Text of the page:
Therell be peace in the valley for me, someday," sang the dulcet-toned Drudge, Elvis-like. The Kitty wasnt hung over from the recent Elvis week in Memphis but instead was contemplating the aftermath of SCOs major court defeat in its ongoing Linux IP battles.
"This must feel similar to the end of WWII for Linux lovers," laughed the Lynx, as he envisioned the open-source crowd kissing nurses in the street, filling their freezers with meat, buying big-finned automobiles and enjoying some well-deserved leisure time.
The Furball also contemplated whether there could be some Linux-like Yalta, where the future of open-source software might be decided by major players such as Novell, IBM and Richard Stalin … er, Stallman. The Furballs post-Linux war fantasies were soon interrupted when a crony called to ponder Motorola CEO Ed Zanders fate. Besides suffering three bad quarters in a row, the crony noted, the Z-man is facing a campaign to oust him led by Eric Jackson, a Florida-based consultant.
Jackson, who had once waged a similar campaign to oust former Yahoo CEO Terry Semel, has reportedly rallied more than 130 Motorola shareholders to support him in his cause. Although the Motorola board claims it has no plans to replace Zander, the crony said the word on the street is that the company may be seeking a high-profile exec, such as Michael Capellas, to step up to the plate.
"Hmm, lets see ... Capellas past strategies seem to be to either merge with another entity (such as the Compaq-HP deal) or rebrand the troubled company with a former name (such as redubbing WorldCom with its previous moniker, MCI)," mused the Mouser. "So, I guess if Capellas ever did take over the CEO reins at Motorola, hell relive 1928 and rename the troubled company the Galvin Manufacturing Corp."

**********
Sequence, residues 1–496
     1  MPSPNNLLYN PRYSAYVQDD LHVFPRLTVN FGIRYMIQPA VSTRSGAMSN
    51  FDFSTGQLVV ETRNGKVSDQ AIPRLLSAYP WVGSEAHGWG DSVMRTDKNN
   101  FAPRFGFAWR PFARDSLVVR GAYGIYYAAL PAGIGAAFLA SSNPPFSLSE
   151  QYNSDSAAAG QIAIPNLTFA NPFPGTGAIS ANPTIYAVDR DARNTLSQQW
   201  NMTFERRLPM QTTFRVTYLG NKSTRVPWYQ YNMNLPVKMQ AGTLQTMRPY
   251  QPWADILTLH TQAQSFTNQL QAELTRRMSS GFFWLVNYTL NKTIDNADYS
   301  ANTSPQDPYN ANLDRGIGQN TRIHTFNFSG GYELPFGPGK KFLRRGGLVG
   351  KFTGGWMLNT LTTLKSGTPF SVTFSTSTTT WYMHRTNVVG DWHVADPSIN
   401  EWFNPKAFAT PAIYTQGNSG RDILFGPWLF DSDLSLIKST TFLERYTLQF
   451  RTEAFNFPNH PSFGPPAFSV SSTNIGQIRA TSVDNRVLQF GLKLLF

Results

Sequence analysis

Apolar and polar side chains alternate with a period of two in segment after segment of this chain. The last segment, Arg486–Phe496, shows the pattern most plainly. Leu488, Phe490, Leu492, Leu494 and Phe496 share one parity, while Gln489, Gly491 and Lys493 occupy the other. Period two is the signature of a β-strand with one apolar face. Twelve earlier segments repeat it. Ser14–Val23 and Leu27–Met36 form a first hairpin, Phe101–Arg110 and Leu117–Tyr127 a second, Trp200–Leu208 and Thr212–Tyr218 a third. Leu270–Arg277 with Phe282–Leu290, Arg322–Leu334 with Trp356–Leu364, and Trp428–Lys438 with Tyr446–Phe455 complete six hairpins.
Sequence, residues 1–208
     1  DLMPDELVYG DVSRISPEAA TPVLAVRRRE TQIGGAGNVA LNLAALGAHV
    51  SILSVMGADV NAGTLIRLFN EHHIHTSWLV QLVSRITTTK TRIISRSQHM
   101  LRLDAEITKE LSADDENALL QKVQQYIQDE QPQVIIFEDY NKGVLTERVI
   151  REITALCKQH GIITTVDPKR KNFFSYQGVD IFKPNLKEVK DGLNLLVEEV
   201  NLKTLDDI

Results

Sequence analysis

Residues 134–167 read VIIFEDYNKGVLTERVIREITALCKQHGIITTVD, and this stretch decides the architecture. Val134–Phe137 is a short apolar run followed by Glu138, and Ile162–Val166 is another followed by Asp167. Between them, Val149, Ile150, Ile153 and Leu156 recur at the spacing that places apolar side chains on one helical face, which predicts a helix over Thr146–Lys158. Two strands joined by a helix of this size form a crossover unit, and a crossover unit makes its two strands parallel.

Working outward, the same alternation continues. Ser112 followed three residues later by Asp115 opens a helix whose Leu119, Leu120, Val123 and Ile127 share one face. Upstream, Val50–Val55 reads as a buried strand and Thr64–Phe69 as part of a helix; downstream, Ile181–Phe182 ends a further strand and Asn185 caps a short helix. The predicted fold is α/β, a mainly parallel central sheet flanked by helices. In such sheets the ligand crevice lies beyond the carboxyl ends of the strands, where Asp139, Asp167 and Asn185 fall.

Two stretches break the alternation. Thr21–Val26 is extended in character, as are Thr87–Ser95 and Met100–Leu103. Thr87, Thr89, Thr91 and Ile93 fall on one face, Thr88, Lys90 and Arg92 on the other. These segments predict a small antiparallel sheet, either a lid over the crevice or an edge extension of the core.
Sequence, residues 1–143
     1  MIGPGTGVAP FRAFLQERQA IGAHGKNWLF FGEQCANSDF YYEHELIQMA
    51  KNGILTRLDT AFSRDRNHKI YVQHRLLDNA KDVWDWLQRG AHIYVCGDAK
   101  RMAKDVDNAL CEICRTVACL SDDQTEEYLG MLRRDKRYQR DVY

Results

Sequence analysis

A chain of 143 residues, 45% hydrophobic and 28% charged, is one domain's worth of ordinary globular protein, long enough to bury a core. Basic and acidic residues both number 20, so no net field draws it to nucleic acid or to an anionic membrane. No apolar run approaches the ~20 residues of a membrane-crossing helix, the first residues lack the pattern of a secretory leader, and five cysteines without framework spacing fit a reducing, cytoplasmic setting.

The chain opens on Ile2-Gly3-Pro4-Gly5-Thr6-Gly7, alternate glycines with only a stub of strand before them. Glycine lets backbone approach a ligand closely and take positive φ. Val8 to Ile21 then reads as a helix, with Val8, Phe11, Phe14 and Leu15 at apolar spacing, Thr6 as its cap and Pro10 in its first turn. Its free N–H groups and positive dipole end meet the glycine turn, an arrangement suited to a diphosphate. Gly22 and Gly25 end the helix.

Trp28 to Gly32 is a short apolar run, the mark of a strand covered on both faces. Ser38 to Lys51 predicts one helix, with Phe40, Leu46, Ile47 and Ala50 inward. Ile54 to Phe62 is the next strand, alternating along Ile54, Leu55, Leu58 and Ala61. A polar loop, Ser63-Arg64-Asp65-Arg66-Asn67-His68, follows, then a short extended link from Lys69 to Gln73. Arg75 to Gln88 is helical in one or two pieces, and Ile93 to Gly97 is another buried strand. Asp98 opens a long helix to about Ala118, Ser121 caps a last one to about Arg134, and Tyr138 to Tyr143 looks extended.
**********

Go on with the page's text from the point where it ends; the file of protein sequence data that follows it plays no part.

Before bidding Spence adieu, the phone pal also noted that the Motorola Z6c—a CDMA slider phone featuring Bluetooth and GSM capability—is rumored to be hitting the streets by November.
The Furry One wondered how former CA CEO Sanjay Kumar was holding up since beginning his 12-year jail sentence in the Federal Correctional Institution in Fairton, N.J. A friend in the financial biz told Spence that CA Vice Chairman and founder Russell Artzt sold off more than $15 million in CA stock on Aug. 13, the day before Kumar began serving his sentence.
The sale has caused some CA insiders to speculate on whether Artzt might be looking to exit the company sooner rather than later, said the friend.
The pal also noted that the Bill & Melinda Gates Foundation reportedly holds 740,000 shares of the McDonalds fast-food chain. "Its amusing that a foundation that aids the starving has stock in a company accused of causing obesity, no?" asked the friend.
"Not really. Besides, Bill actually created FAT back in 1977—with a guy named McDonald, no less," cackled the Kitty.